Elsewhere, EA insults complainants of Battlefield V’s questionable design decisions by having a party with #Everyone’sBattlefield on the wall. A direct bounce-back at the viral #NotMyBattlefield of the time. Worse still – a flagrant unwillingness to accept criticism from those who pay you. Then there’s the unsolved case of Visceral’s cancelled Star Wars title. The only explanation we got there was the typical PR nonsense – “we decided to pivot the design”, whatever the hell that means. In the case of EA, the list goes on…
Another great example comes from gaming’s biggest man in hiding, Sean Murray. The over-excited Jesus of all things lying has offered “advice” to the likes of EA and Anthem. He of all people has suggested that when things go south post-release, to just stay quiet. To suggest this is an admission that, yes indeed – you are making unacceptable products (despite your mountains of gold) and selling them with a straight face. It also confirms the downward spiral of PR ability within the games industry. Many a triple A company quite literally has no clue how to speak to us about our concerns. Or perhaps they do but the blind pursuit of money is threatened by honest talk. Wouldn’t everything be easier if they just made a decent product in the first place? Instead of chasing the focus group stats that so clearly no longer work?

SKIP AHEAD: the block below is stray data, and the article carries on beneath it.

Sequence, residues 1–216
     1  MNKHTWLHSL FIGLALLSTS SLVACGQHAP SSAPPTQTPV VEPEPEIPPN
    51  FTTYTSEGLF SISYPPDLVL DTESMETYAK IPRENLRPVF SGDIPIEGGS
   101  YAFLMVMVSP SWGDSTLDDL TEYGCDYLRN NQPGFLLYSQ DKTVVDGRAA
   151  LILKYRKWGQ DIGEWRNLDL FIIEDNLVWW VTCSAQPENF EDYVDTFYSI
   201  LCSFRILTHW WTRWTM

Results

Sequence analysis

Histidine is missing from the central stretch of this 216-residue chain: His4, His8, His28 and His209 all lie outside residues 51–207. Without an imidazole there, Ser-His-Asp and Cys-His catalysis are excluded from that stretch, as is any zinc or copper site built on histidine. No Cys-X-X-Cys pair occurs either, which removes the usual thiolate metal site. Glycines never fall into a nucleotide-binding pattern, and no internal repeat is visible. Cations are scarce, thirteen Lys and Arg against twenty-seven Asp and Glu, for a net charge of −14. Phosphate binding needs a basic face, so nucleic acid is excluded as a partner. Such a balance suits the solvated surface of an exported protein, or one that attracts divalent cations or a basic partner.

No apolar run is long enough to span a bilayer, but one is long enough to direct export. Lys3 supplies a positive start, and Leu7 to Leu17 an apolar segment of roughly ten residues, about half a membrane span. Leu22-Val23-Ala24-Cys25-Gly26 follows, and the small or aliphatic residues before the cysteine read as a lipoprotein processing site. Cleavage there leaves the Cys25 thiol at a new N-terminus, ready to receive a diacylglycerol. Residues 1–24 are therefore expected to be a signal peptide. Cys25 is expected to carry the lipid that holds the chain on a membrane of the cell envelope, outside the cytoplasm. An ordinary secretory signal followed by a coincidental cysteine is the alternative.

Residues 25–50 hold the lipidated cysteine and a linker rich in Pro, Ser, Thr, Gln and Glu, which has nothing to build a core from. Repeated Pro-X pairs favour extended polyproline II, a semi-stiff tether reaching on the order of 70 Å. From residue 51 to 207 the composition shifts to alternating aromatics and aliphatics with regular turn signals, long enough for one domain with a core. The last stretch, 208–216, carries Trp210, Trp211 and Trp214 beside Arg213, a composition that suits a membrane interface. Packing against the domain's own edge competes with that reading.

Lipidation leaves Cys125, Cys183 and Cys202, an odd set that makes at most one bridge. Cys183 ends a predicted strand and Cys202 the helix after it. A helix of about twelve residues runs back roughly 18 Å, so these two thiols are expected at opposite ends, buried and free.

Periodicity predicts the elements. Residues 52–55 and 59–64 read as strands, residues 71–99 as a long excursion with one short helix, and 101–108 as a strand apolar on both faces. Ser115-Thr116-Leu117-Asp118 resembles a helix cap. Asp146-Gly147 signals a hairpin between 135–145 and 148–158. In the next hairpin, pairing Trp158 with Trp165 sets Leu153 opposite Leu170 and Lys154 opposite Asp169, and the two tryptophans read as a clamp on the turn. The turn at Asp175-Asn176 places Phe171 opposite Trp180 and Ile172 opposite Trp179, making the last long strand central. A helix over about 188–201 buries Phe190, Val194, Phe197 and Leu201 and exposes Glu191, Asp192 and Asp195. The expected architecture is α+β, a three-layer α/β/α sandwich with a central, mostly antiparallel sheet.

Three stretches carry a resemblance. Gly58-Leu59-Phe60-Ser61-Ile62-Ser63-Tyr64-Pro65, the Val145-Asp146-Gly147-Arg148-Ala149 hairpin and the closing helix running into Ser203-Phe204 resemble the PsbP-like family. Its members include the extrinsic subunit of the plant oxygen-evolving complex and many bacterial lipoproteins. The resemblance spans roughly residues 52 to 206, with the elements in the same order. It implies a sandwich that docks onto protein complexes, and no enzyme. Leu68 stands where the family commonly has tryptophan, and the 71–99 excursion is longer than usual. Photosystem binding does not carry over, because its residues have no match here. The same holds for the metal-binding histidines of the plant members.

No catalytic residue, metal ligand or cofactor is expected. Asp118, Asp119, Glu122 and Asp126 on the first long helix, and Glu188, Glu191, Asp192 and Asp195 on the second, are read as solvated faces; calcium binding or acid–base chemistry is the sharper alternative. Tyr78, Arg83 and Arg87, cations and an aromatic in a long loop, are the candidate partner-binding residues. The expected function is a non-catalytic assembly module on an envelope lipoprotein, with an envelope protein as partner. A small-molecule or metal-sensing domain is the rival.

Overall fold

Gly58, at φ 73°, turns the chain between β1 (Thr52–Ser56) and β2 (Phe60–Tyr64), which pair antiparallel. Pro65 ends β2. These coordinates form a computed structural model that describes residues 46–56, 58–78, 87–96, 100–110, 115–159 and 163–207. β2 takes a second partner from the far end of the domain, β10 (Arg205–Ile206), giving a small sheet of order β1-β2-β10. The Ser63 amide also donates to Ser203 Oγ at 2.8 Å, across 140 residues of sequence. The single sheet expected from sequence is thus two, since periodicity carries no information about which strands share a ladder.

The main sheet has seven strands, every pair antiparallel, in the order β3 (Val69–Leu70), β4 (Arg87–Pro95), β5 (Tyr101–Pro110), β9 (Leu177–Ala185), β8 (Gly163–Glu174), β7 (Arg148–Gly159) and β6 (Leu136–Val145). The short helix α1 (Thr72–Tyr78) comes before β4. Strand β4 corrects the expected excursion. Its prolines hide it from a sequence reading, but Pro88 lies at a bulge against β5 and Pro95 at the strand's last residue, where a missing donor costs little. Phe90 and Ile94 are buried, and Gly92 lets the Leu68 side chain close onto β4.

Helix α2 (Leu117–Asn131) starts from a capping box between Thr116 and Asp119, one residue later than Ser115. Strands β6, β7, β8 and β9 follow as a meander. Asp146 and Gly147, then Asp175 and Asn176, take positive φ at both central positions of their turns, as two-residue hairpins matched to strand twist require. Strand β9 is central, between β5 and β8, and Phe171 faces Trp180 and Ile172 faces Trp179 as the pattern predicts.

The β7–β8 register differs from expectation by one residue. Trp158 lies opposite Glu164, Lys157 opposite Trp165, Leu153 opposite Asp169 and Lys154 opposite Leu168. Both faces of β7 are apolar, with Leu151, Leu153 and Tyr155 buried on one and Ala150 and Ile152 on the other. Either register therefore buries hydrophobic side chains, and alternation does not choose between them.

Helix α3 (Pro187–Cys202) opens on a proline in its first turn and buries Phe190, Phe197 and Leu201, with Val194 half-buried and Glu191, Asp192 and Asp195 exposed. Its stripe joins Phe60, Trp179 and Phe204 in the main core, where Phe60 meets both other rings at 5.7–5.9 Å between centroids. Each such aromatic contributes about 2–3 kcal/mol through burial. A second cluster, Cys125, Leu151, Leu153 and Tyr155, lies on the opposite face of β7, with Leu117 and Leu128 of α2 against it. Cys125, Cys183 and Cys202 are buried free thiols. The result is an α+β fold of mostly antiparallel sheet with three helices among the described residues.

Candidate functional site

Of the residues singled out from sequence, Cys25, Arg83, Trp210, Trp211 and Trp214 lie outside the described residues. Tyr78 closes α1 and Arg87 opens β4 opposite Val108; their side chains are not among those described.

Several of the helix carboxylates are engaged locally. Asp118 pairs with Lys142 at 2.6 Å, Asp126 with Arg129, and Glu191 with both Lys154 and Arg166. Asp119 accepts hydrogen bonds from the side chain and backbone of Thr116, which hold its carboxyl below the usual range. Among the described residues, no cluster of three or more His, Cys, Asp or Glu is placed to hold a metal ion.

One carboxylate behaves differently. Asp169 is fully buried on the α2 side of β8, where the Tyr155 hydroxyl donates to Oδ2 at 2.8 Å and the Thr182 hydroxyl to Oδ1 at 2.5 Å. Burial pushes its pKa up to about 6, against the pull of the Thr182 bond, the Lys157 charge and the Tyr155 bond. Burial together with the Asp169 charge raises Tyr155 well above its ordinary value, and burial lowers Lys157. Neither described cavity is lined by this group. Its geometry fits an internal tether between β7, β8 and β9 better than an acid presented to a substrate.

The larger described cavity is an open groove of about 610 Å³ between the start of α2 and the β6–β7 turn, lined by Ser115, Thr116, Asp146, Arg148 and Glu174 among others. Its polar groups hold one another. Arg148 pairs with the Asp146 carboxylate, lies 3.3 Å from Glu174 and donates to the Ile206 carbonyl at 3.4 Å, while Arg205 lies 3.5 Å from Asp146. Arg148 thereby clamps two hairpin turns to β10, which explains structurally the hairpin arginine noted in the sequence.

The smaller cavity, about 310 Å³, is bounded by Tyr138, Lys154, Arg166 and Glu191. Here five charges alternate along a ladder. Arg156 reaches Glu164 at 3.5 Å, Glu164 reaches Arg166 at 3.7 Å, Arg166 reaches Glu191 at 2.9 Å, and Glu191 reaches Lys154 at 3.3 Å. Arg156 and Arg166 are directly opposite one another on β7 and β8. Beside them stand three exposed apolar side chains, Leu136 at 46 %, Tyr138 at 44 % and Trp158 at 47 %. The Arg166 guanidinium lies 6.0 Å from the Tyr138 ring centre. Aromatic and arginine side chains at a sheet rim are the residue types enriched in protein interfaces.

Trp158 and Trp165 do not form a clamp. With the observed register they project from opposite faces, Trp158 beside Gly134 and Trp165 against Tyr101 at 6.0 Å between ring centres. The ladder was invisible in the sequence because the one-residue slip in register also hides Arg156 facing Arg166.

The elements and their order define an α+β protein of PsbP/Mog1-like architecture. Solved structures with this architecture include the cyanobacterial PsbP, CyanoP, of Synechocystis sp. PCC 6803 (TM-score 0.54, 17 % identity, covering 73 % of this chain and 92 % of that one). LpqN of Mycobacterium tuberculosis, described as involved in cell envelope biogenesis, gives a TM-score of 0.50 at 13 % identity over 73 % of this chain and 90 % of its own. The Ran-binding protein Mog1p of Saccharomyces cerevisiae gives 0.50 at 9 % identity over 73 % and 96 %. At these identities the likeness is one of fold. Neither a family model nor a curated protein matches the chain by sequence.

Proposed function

This causes almost irreparable damage to community respect.
4. Venomous Journalism For The Clicks
I understand the clear irony of this one, given who I am and where I am writing. I hope readers here at KeenGamer will agree with me when I say I am proud to write for an outlet that does not thrive on division. Unlike so many sites out there, KeenGamer never writes inflammatory headlines to get a couple of hundred enraged clicks from the Facebook feed.